- Keep the conversation empathetic but not sympathetic, which shows reassurance
- Use language free of blame or negative connotations with their situation
- Finally, do not impose, but let the person make the decision to seek assistance
Initiate Simple Conversation with Personal Anecdotes
Even in the 21st-century, poor mental health is considered taboo by ignorants. Many are still afraid to admit openly that they are suffering from mental health issues. When such is the social condition, asking your friend or acquaintance if they are depressed might backfire.
Instead of being straightforward, try initiating a simple conversation with personal anecdotes (or stories of people you know) about how sharing troubles with someone trustworthy can reduce stress. Don’t be obvious and pinpoint your indications indirectly to them. Instead, give good examples of successful people who were once devastated by mental health issues.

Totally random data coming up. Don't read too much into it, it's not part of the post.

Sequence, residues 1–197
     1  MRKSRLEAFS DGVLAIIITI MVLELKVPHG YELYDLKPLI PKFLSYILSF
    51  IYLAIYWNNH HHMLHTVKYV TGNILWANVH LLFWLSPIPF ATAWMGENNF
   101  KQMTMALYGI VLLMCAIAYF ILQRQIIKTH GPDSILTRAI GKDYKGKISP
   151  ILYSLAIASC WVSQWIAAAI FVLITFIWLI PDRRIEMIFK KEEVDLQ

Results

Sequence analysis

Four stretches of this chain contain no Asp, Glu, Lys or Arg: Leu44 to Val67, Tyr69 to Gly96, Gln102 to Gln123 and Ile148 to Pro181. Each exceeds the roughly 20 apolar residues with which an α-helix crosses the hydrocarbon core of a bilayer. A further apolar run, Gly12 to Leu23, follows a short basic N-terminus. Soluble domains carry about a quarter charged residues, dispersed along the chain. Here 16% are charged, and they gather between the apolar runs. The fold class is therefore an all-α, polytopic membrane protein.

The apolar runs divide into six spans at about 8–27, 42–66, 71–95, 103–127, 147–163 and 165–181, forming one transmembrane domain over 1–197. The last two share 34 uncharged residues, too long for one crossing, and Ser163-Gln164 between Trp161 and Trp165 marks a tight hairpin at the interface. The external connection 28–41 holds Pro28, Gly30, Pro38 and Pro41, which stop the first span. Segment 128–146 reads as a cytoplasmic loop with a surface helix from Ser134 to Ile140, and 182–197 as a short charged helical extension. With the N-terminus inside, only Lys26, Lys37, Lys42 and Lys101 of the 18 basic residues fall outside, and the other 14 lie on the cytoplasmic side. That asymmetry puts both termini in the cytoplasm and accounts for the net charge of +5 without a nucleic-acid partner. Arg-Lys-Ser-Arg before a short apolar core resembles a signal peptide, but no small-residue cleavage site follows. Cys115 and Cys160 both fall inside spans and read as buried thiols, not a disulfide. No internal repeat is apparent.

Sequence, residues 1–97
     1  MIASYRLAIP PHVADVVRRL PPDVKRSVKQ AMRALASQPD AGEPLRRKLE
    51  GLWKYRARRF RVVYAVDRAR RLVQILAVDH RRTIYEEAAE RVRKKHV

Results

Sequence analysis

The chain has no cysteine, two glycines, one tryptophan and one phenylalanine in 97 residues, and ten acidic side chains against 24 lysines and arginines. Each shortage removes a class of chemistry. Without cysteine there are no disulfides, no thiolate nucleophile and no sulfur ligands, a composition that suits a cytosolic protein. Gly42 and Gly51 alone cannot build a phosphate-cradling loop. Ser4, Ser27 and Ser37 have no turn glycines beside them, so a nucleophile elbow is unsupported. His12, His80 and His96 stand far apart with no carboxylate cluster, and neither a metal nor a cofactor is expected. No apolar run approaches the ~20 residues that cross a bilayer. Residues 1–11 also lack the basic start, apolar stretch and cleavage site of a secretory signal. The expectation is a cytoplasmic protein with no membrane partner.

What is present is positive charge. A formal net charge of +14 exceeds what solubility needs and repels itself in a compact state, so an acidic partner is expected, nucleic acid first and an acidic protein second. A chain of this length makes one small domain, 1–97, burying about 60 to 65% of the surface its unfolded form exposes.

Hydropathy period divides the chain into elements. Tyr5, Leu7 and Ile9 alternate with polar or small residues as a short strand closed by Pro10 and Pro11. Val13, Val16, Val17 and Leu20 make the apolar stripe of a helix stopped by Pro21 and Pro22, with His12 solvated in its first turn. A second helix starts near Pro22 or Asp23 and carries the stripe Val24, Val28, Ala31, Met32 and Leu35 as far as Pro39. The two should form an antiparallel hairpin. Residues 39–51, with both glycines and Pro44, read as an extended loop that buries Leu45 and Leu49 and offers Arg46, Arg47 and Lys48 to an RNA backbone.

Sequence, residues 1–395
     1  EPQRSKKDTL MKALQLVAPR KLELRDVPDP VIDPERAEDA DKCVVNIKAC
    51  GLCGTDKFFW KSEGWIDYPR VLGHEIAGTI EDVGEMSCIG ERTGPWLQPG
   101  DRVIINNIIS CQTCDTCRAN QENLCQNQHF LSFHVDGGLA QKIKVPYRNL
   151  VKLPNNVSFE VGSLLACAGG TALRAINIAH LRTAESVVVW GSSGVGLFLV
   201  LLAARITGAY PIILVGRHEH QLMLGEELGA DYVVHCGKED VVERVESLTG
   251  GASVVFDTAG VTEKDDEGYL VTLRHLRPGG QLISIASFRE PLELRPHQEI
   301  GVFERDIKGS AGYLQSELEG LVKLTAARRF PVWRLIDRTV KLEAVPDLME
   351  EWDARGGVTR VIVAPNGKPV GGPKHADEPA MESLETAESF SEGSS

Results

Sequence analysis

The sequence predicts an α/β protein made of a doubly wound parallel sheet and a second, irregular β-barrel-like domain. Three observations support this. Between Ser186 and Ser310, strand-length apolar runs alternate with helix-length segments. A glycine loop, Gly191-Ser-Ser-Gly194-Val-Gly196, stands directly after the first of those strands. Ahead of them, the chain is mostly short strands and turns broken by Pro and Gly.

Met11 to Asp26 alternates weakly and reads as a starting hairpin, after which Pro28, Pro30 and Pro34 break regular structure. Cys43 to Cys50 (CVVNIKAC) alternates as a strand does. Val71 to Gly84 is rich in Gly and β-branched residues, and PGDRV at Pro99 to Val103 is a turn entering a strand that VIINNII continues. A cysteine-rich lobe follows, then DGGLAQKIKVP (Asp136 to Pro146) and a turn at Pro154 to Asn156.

You might also start the conversation by parsing renowned psychologists for their contribution to society. Whatever you say just make sure you don’t sound intrusive. People telling you what to do is the last thing someone suffering from depression needs.
Share Awareness, Empathy, and Willingness to Help
Show your knowledge about depression
Most times, depressed people don’t know that they are ill. You can get them to seek help by subtly sharing your understanding of depression and allowing them to connect some of the symptoms to what they are passing through. Also, let them know that whatever they are going through can be treated.
Show emotional support
When someone you know is depressed, the best way to encourage them to get help is by showing emotional support. Let them know that you can relate to how they feel and reaffirm your dedication to being with them all through the process of getting the needed help.
Recommend a therapist
To someone that is depressed, the task of finding a therapist can be overwhelming. To encourage them to get help, offer to help book an appointment with a therapist, and if convenient, drive them to their first few sessions.
Broach the Subject Honestly, Respectfully